Nearly half the studies cited in this review were conducted in Manicaland, in an open cohort of four subsistence farming areas, two roadside trading centres, four forestry, tea and coffee estates and two small towns [24]. Populations and conditions in these settings differed greatly from those in urban and other ‘high-transmission’ areas that were the primary focus during the first decade of Zimbabwe's HIV epidemic (Fig. 2).

Fig. 2

Fig. 2

Important biases were also introduced in shifting to household surveys. Men, for example, were underrepresented in ZDHS and MICS, to a large and variable degree (Fig. 3). Less than half as many men (ages 15–54) than women (ages 15–49) were found at home in the 1990s whereas the proportion increased to 80% during the years of economic decline. Where were the missing men, and why do the proportions of men found at home vary so widely over time? What are their risks and how do they influence transmission overall? Could household surveys reflect mainly ‘secondary’ transmission, while missing important epidemic drivers?

Fig. 3

Fig. 3

Despite such biases, general population data provided copious information about the majority of Zimbabweans and, by the late 1990s, evidence of changing behaviours was appearing [7,25,26]. HIV prevalence was 23% overall in the first round (1998) of the Manicaland cohort [24]. Young women reported male partners who were 5–10 years older. Yet, authors concluded that reducing unprotected sex between men and sex workers, and improving STI services, would lower HIV incidence among young women, and be easier to achieve than reducing unprotected sex between older men and young girls [27].

High-risk sexual behaviour, including sex work, clearly existed in rural cohorts [28,29]. HIV prevalence was higher among women in community centres compared with subsistence farming areas (49.9 versus 24.7%). Prevalence was also higher among migrant agricultural workers compared with other sexually active women (38.8 versus 29.7%) and men (26.4 versus 20.9%). But relating survey findings to sexual networks outside the study area proved more challenging as the latter could only be measured indirectly. Higher prevalence, for example, was found among men who travelled to Harare without their spouses [30]. Another study reported no significant differences in HIV incidence or sexual behaviour between rural-to-urban out-migrants and residents, but was limited by very low follow-up [31].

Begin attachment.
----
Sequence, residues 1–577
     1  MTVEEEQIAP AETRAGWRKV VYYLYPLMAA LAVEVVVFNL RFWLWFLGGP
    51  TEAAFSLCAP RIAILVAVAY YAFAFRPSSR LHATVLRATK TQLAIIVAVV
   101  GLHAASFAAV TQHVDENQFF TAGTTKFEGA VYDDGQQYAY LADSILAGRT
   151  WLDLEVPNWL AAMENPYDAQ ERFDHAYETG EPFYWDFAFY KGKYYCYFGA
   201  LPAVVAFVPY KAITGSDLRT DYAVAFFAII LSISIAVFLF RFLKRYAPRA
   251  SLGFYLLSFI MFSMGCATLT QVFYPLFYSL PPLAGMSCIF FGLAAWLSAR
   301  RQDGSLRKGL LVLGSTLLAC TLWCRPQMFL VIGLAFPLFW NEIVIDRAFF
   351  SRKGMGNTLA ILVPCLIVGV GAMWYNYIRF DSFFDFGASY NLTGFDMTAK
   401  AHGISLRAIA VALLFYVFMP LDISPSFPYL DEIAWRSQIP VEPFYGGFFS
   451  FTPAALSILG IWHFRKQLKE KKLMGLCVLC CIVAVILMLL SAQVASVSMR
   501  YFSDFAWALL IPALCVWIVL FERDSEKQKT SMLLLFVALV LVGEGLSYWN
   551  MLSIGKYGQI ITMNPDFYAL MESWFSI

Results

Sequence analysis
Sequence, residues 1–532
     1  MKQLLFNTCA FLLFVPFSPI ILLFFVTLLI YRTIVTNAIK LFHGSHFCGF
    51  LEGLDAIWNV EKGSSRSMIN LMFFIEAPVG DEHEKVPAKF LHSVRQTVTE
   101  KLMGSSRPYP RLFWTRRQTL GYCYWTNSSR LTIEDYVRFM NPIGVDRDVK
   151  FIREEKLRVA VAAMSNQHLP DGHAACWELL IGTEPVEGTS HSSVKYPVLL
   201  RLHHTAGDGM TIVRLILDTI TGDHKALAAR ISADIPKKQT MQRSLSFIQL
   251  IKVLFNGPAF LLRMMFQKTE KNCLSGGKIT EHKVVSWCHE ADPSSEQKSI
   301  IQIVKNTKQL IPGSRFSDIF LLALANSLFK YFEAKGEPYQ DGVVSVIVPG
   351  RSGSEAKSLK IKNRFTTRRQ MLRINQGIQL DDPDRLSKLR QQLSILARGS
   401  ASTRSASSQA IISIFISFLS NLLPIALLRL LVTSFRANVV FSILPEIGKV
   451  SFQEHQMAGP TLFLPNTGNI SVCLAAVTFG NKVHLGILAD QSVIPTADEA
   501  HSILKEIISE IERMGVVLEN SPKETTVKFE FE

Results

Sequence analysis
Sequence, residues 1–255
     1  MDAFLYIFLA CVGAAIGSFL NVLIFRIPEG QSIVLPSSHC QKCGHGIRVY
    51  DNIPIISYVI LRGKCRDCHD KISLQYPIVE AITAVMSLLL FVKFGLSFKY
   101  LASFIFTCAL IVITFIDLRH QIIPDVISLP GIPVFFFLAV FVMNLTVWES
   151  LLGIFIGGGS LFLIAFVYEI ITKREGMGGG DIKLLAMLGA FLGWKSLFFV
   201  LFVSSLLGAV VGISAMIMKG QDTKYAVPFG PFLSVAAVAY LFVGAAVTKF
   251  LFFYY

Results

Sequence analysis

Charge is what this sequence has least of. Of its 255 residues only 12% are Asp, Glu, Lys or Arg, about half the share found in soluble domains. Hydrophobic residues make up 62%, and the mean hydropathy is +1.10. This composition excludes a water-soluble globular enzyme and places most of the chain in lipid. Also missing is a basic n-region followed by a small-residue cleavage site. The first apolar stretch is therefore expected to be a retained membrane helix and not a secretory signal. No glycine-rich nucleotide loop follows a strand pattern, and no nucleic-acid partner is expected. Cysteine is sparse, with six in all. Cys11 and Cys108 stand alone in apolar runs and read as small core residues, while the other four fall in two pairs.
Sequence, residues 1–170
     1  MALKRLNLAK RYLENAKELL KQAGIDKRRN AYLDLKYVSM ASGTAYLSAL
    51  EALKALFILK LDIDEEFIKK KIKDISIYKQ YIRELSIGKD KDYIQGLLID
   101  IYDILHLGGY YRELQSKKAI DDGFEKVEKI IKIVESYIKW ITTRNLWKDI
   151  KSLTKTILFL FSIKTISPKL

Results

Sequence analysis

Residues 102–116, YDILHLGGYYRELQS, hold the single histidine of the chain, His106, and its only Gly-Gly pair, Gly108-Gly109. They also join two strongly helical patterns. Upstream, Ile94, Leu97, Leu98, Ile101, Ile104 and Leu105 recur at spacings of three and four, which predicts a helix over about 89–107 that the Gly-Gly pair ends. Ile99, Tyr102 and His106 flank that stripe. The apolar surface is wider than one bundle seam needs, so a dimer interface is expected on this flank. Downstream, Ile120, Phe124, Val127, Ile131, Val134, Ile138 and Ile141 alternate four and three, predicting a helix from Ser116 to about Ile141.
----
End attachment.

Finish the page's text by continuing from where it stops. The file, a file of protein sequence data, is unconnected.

Meanwhile, a few studies conducted at mines and commercial farms were reporting much higher levels of sexual risk. For example, 29% of male migrant workers reported buying sex in the last year, compared with 4% in a household survey from 2006 [32,23]. In commercial farm settings (mainly Mashonaland), a third of men reported multiple partners [33]. At commercial farms near Harare, 60% of married men but only 4% of married women admitted to extra-marital relationships [34].

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Explaining a declining epidemic

From roughly 1998 to 2003, multiple data sources pointed to a declining HIV epidemic. In antenatal clinic (ANC) trends, the largest declines among 15–24 years old women (from 12 to 4.8%) occurred before 2003 [35,36]. The second round of Manicaland community surveys in 2003 also revealed markedly lower HIV prevalence, particularly among young women (49% lower) and young men (23% lower). Behavioural data suggested reductions in casual partnerships among young people, delay in sexual debut and high rates of reported condom use since 1999 [7]. After adjusting for high mortality and other factors, part of the HIV prevalence decline was attributed to a few indicators of individual behaviour change [6,7,9,21,37,38].

On a population level, however, these data are less convincing. The proportions reporting reductions in casual sex (49% for men, 22% for women), for example, did not correlate well to HIV prevalence declines by sex, which were greater among women. Explanations may include social desirability bias, or indirect mechanisms whereby prevalence among women varies in response to changes in male risk behaviour. The changing size of male populations related to migration again confounds analysis of transmission dynamics during this period.

Delaying sexual debut and avoiding older partners appeared to decrease individual risk, although this was thought unlikely to influence HIV transmission at population level without wider ranging behavioural changes throughout sexual networks [39]. HIV incidence data from Manicaland identified only multiple partners, having an unwell partner and reporting another STI as proximate determinants [40,41].

Other research generated hypotheses to explain trends observed from household samples. Changes in sexual partnerships, for example, were studied over the five survey rounds in Manicaland between 1998 and 2011 [42]. Multiple partnerships and nonmarital concurrency were reported much more frequently by men (34.2 and 11.9%) than women (4.6 and 1.8%), and all indicators declined by 60–70% over survey rounds. The distribution of reported sex acts and condom use also varied by partnership type and marital status [43]. Neither study, however, reported on the fraction of partnerships, concurrency, sex acts or condom use that intersected with sex work networks or may have taken place outside the study areas. There is limited and inconsistent evidence that exposure to interventions may have influenced risk behaviours (see supplementary appendix, http://links.lww.com/QAD/B391).